“GRAIL is great. Everything is in place to get science data now,” said Sami Asmar, a GRAIL co-investigator from NASA’s Jet Propulsion Lab in Pasadena, Calif. “Soon we’ll get a very high resolution and global gravity map of the Moon.”

The data collected will be translated into gravitational field maps of the Moon that will help unravel information about the makeup of the Moon’s core and interior composition.

GRAIL will gather three complete gravity maps over the three month mission which is expected to conclude around May 29. If the probes survive a solar eclipse in June and if NASA funding is available, then they may get a bonus 3 month extended mission.

Ebb and Flow - New Names for the GRAIL Twins in Lunar Orbit
4th Grade Students from Montana (inset) win NASA’s contest to rename the GRAIL A and GRAIL B spacecraft. Artist concept of twin GRAIL spacecraft flying in tandem orbits around the Moon to measure its gravity field Credit: NASA/JPL Montage: Ken Kremer

NASA sponsored a nation-wide student contest for America’s Youth to choose new names for the twin probes originally known as GRAIL A and GRAIL B. 4th graders from the Emily Dickinson Elementary School in Bozeman, Montana submitted the winning entries -Ebb and Flow. The new names won because they astutely describe the probes movements in orbit to collect the science data.

The GRAIL twins are also equipped with a very special camera dubbed MoonKAM (Moon Knowledge Acquired by Middle school students) whose purpose is to inspire kids to study science.

By having their names selected, the 4th graders from Emily Dickinson Elementary have also won the prize to choose the first target on the Moon to photograph with the MoonKAM cameras, which are managed by Dr Sally Ride, America’s first female astronaut.

“MoonKAMs on both Ebb and Flow were turned on Monday, March 5, and all appears well, Zuber said. “The Bozeman 4th graders will have the opportunity to target the first images a week after our science operations begin.”

8 Replies to “Twin NASA Science Probes Start Lunar Gravity Mapping”

  1. I’ll go ahead and predict that the gravity anomalies will agree with new work (LOLA) suggesting that the cratering rate of the inner planets is 3X the amount generally agreed upon.

    1. Do you have any references?

      All I can find is this, on confirming the Late Heavy Bombardment specifically. Also this on nonuniformity of younger craters.

      But nothing on the general rate.

  2. Hopefully we don’t find any monoliths transmitting high frequency signals, directing us to Jupiter… :p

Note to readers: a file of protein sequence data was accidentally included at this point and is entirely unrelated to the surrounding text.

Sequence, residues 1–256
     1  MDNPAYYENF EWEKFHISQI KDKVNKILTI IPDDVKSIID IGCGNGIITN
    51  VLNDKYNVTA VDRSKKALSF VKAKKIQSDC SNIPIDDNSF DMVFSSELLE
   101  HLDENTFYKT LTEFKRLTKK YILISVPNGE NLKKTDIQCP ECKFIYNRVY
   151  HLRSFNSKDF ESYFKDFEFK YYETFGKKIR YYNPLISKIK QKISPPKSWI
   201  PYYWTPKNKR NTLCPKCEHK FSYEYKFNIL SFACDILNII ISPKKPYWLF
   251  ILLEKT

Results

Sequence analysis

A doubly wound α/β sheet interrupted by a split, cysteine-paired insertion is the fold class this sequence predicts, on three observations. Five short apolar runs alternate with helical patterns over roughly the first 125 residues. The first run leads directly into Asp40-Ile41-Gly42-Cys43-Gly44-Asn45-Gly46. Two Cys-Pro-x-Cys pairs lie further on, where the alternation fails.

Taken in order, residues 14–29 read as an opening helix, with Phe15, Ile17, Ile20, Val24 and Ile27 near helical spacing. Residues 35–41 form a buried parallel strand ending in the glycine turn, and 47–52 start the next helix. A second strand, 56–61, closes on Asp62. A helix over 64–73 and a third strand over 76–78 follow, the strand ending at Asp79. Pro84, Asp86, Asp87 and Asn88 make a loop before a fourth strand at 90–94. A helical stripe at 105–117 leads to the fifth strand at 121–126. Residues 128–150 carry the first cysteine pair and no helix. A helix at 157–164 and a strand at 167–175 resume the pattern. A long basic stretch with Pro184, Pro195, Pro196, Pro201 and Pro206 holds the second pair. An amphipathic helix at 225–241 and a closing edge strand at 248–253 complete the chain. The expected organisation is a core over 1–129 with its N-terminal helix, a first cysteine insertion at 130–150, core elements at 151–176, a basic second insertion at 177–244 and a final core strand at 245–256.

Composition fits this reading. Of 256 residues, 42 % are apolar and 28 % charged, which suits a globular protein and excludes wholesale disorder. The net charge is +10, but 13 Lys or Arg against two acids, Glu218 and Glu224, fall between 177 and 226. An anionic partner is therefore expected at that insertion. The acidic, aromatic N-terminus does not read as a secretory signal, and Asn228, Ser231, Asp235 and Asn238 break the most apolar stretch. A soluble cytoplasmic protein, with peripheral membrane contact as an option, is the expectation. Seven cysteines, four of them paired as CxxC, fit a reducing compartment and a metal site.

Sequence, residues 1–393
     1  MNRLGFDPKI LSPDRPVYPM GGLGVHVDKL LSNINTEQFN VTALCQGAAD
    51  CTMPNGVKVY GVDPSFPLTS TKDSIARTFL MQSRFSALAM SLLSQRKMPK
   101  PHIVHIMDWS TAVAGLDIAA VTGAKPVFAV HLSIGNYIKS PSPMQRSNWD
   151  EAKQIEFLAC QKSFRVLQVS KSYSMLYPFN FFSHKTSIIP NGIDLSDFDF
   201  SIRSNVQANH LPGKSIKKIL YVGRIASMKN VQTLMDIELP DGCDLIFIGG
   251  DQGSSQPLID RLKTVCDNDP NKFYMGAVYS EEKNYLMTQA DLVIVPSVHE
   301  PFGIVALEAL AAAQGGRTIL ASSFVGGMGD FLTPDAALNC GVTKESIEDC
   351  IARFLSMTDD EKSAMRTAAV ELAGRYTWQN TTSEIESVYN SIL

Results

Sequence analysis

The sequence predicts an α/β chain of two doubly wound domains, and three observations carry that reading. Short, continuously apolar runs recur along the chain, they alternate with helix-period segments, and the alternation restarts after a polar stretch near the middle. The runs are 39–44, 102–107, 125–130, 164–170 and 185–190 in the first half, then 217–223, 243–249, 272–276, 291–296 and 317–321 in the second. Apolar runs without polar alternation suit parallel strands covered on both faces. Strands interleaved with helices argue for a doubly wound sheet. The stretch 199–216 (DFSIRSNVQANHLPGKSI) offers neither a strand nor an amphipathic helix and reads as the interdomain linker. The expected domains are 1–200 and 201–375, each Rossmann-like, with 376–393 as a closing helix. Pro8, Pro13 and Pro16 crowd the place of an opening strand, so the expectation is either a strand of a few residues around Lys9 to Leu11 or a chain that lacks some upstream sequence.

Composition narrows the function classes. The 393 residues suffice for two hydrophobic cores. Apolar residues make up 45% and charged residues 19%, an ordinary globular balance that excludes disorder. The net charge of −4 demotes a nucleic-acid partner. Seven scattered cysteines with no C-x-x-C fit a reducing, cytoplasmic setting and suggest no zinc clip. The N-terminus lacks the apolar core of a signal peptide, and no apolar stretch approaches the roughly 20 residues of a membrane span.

1. I wouldn’t mind being transmorphed into a pan dimensional entity. Esp if I ended up with HAL as a pet….

  3. Yay! I am massively interested in the Moon and the Earth-Moon system.

    there is still a lot we don’t know about the Moon says Zuber, like why the near side is flooded with magma and smooth and the back side is rough, not smooth and completely different.

    If this work bears out, we will at least know why the near side is the near side:

    “In this way, as a result of Earth’s gravity, the moon became locked into an orientation with its long axis pointing toward our planet. The question, then, is why the side that ended up facing Earth is the one with the man—especially since the reverse configuration is actually favored, the researchers say. The side of the moon without the man has higher mountains and an elevated topography, they explain. Based on a naive analysis of the physics, it might be expected for this side to face Earth, because its surface—and its mass—would be closer to Earth.

    In the work described in the Icarus paper, the researchers analyzed the physics of the moon and discovered that what determines which side of the moon we see is the rate at which the moon slowed down its spinning—how fast it dissipated its rotational energy. If the moon had lost energy at a significantly different rate—say 100 times faster—than it really did, there would have been a 50/50 chance that the man would face us. In that scenario, Aharonson says, having the man face us would indeed have been merely the result of a coin flip. But, as it turns out, the moon’s actual rate of energy dissipation was much slower—and that means the man in the moon had about two-to-one odds of facing us. “The coin was loaded,” Aharonson says.”